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“Natural Resources”
My heart is moved by all I cannot save: so much has been destroyed
I have to cast my lot with those who age after age, perversely,
with no extraordinary power, reconstitute the world.
– Adrienne Rich, The Dream of a Common Language

I often find it difficult to articulate exactly why I care so deeply about the environment, why I am so committed to working on these issues. The connection is intrinsic, and it’s hard to comprehend that not everyone feels “it.”

Every morning when I walk outside, my gaze is pulled toward the patterns of clouds spackled across the sky and the way the sun’s soft glow kisses the rooftops in my neighborhood. When I run in the park, I notice the way the trees bend toward each in seeming appreciation, creating tunnels around the paths. I notice the afternoon sun sparkling on the creek and relish the sounds of birds and insects singing in perfect cacophony. Every evening when I walk home, I am drawn to the light streaming through the clouds, creating crepuscular rays above the buildings. And in the darkness, my eyes search for the moon — nature’s nightlight, moving through its cycles — and the stars, their sparkling patterns fraught with allegorical meaning.

And I feel so grateful to be moved by the beauty around me, wondrously simple and complex.

To love the world this deeply is its own reward.

Many people ask whether it is depressing to work on environmental issues, particularly climate change, given the grim predictions that come daily out of the scientific community.

In some ways, it certainly is. I feel frustrated by the lack of action at all levels of government and by corporate campaigns to sow mistrust in science and roll back regulations that protect our collective health. I know that reducing global carbon emissions will require meaningful sacrifices, and I know many people, particularly in the developed world, are unwilling to voluntarily make those changes.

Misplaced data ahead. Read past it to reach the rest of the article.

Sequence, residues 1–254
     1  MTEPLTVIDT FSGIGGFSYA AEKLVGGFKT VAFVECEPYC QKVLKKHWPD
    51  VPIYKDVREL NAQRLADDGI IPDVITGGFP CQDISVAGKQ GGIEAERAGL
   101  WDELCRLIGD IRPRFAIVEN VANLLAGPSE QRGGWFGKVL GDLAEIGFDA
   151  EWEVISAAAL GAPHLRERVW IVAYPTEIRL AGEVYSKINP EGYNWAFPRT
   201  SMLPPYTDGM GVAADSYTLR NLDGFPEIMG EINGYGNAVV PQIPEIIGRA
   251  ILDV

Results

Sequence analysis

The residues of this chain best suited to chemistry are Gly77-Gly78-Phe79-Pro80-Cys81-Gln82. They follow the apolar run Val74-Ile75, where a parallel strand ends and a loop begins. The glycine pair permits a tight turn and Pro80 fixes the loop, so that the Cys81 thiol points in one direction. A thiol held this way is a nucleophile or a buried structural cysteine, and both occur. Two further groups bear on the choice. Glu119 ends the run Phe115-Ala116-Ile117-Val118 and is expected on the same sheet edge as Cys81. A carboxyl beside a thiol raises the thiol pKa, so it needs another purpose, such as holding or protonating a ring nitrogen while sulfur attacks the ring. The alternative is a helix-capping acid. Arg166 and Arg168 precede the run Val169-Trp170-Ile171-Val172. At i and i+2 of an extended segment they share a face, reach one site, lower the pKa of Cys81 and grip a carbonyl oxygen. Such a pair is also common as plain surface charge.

In others ways, I am conscious of the fact that (as one of my favorite professors from college phrased it) the earth remains forever — the question at stake is the future of life as we know it, not the actual existence of our planet.

So I feel both a sense of urgency to experience the wonders of the world, before our unsustainable lifestyles further alter the landscape beyond recognition, and also to fight like hell to protect the places and systems that make this planet beautiful and able to support such incredible diversity of life.

“If the world were merely seductive, that would be easy. If it were merely challenging, that would be no problem. But I arise in the morning torn between a desire to improve (or save) the world and a desire to enjoy (or savor) the world. This makes it hard to plan the day.” – E.B. White

Etymologically, the term “wanderlust” originates from the German words wandern (to hike) and lust (desire.) According to the Oxford English Dictionary, the first English appropriation of the word is found in Daniel Garrison Brinton’s 1902 book “The Basis of Social Relation,” where he writes about “pathological variation” of nomadic peoples:

“Among these “neuroses of excitement” which at times seize upon the souls of communities, none is more inexplicable, and none more fraught with consequences than the goading restlessness which has driven single tribes or groups of tribes into aimless roving. This Wanderlust arises as an emotional epidemic, not by a process of reasoning. It drives communities from fixed seats and comfortable homes, transforming them into migratory and warring hordes.”

While I might disagree that my “goading restlessness” has led to an increase in international conflict, I appreciate the contemporary, contextual humor in Brinton’s analysis. Wanderlust has seized my soul and driven me from “fixed seats and comfortable homes.” My travels — over the years, to 30+ countries across 5 continents — have pushed me physically, mentally, and spiritually.

I feel grateful for the opportunity to share some of my experiences with you, through this platform. This website is dedicated to Mom, Dad, and V — who have encouraged me to pursue my passion, supported me as I’ve roved aimlessly, loved me unconditionally, and been wonderful travel partners along the way. We will always be that family in Yosemite: hiking, laughing, marveling at the majesty of it all… having entirely too much fun.

– Carina Barnett-Loro

Twitter: @carinabloro
Instagram: @carinabl

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